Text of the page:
Michael Duffy visits a school which has enlisted the help of local colleges and built NVQs into its programme
Glaisdale School is a 650-pupil 11 to 16 comprehensive on the western edge of Nottingham. Externally it is very much a 1950s school, with generous buildings on a generous site, but it serves two large housing estates which are still predominantly council owned and it has been hard hit by the 1990s.
Unemployment in the ward is 30 per cent, and much higher for young men; only 35 per cent of 16 to 19-year-olds are in full time further education and most of the rest are unemployed. Inevitably some of this feeds through into the school. Absence, much of it parentally condoned, hinders many children's progress and the level of permanent exclusions is rising. Last year's GCSE results show only 10 per cent of pupils with five or more grades A-C - slightly down on last year's figures.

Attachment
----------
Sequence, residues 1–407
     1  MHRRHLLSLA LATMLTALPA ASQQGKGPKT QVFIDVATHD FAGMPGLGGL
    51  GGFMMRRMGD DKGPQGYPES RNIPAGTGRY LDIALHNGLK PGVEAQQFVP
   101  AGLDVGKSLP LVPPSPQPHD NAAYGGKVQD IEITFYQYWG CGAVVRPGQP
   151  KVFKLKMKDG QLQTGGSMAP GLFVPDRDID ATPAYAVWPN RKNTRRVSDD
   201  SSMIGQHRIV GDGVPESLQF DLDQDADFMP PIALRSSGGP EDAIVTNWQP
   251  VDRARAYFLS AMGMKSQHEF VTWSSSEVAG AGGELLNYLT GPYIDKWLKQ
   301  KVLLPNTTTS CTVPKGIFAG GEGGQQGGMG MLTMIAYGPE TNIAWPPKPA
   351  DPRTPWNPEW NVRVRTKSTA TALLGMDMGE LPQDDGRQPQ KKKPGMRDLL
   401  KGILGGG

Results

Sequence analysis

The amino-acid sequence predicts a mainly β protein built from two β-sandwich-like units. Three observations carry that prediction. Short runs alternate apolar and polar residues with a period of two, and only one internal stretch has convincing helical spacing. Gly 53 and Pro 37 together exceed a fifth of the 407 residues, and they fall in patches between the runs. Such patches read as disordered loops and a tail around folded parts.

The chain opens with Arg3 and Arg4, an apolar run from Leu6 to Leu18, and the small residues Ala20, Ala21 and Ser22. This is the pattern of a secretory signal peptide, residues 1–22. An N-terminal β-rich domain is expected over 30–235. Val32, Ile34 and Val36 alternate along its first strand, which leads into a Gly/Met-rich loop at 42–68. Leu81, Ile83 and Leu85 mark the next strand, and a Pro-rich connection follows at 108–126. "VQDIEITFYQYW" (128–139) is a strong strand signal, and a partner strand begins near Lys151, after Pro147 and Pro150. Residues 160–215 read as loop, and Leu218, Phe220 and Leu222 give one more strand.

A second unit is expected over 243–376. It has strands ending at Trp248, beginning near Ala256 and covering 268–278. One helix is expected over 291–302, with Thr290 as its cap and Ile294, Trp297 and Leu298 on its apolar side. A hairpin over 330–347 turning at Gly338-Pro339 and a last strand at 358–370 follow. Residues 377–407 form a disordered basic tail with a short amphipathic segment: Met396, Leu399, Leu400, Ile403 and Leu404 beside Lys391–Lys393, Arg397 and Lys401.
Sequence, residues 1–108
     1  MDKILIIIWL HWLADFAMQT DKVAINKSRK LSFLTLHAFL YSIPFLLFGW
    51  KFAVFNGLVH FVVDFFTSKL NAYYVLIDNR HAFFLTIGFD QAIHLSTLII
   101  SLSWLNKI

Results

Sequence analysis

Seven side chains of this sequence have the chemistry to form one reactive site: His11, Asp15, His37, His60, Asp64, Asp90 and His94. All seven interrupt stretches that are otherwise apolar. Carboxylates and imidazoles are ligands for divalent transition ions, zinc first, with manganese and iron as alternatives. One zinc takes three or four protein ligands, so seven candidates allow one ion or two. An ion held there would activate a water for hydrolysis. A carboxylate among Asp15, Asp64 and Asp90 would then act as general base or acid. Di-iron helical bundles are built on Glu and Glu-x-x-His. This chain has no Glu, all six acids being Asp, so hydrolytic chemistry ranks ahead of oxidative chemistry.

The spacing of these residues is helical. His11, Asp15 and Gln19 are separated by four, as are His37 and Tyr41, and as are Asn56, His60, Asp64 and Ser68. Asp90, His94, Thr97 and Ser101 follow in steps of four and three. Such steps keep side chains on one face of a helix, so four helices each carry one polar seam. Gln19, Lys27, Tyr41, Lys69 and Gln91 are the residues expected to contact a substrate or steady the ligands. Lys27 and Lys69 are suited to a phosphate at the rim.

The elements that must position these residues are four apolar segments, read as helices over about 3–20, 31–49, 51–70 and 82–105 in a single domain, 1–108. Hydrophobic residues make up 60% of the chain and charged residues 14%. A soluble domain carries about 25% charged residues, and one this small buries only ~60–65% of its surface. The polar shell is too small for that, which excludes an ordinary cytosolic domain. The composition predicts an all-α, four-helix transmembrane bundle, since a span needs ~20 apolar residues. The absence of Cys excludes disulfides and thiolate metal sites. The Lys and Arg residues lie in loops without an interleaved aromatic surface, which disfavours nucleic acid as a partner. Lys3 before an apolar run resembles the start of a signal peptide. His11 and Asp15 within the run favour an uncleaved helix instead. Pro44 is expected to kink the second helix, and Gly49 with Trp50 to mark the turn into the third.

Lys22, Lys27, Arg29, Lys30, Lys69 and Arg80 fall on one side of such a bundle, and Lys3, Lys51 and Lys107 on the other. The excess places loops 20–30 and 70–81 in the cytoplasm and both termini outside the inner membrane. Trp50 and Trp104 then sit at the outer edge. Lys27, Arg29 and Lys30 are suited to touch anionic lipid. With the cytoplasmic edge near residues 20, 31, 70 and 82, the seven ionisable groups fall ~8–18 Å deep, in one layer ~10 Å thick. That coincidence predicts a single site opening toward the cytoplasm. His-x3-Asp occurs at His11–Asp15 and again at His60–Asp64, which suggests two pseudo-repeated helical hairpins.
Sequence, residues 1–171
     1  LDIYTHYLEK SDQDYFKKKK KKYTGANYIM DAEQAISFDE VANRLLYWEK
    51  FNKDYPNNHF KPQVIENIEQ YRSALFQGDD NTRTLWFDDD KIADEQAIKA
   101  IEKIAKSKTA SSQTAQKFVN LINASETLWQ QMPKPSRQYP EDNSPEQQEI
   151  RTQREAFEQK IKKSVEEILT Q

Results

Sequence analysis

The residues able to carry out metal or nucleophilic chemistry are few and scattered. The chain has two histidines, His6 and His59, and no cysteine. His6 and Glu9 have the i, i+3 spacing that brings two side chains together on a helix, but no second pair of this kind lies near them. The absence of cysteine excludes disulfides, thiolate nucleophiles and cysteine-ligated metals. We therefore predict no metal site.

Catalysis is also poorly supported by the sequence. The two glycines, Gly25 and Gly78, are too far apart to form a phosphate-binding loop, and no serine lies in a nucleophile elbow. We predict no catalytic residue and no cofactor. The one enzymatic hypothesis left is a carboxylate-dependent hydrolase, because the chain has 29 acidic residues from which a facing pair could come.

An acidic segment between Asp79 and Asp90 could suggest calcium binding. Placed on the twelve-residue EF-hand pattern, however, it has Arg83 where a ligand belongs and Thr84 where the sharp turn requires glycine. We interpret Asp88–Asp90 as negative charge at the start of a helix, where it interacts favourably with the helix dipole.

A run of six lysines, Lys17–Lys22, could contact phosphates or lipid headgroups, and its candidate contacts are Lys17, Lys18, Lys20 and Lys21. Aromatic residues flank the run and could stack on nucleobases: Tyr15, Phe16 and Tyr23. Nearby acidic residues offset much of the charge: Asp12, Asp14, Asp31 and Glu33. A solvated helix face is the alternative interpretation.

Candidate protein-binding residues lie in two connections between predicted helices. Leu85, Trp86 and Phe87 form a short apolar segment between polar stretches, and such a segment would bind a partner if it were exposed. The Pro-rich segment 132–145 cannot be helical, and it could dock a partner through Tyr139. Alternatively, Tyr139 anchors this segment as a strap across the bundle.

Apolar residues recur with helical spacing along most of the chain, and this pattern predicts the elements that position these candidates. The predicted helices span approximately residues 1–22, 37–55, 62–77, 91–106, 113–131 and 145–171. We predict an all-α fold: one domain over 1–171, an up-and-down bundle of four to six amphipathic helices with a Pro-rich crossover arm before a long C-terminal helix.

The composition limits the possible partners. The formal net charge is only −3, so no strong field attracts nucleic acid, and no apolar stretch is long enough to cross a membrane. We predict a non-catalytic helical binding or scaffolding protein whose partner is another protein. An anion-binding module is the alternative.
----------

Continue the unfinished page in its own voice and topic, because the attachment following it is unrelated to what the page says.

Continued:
As headteacher David Higgins wryly says, that is a too familiar picture. "But some of our pupils come from homes where no one has been in full-time employment for 15 years. We have to begin to tell our young people that they are going to work, even if they have to generate their own employment - and that the key is training in skills."
That's a message, he says, that Glaisdale's curriculum must reflect. Since 1994, and with the help of local colleges, the school has built National Vocational Qualification options into key stage 4. The aim, according to Jan Irlam, who co-ordinates the scheme, is to improve student morale and performance.
Three city colleges are involved. On Friday afternoons the key stage 4 timetable is blocked to provide either a range of 36-week college-taught NVQ units (level one in business administration, painting and decorating and hairdressing, level two in engineering) or a choice of community service, outdoor pursuits, or a GCSE short course in information technology.